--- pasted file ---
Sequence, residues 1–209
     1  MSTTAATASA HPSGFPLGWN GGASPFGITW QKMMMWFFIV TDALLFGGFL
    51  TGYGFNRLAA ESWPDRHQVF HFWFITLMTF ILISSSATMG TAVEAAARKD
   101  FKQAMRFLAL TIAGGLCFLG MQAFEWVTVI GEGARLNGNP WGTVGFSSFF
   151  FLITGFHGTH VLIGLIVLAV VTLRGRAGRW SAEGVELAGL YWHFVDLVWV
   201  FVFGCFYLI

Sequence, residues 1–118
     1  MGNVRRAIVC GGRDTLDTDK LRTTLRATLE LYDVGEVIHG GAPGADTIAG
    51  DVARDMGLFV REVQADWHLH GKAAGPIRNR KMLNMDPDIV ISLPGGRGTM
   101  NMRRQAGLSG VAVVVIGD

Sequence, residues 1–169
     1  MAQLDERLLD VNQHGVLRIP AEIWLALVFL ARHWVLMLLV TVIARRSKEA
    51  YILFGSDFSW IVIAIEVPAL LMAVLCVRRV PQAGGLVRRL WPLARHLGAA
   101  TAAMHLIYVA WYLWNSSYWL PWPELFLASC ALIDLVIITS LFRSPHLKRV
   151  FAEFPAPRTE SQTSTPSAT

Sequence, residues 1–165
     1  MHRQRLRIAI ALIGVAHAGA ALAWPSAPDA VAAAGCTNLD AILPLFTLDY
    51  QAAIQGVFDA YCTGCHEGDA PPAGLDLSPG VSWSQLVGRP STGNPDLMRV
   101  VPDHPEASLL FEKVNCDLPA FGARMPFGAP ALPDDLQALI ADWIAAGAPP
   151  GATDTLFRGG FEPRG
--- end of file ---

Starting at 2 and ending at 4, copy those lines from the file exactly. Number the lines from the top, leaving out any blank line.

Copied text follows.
     1  MSTTAATASA HPSGFPLGWN GGASPFGITW QKMMMWFFIV TDALLFGGFL
    51  TGYGFNRLAA ESWPDRHQVF HFWFITLMTF ILISSSATMG TAVEAAARKD
   101  FKQAMRFLAL TIAGGLCFLG MQAFEWVTVI GEGARLNGNP WGTVGFSSFF